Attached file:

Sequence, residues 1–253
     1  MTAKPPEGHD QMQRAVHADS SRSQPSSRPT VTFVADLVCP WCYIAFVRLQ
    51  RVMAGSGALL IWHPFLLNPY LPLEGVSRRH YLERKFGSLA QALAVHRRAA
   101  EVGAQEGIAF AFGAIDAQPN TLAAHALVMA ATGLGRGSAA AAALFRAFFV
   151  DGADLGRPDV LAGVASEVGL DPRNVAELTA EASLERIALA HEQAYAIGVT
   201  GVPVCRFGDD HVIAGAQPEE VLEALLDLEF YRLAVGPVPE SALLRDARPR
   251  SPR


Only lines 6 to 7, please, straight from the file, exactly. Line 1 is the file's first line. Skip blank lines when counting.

   201  GVPVCRFGDD HVIAGAQPEE VLEALLDLEF YRLAVGPVPE SALLRDARPR
   251  SPR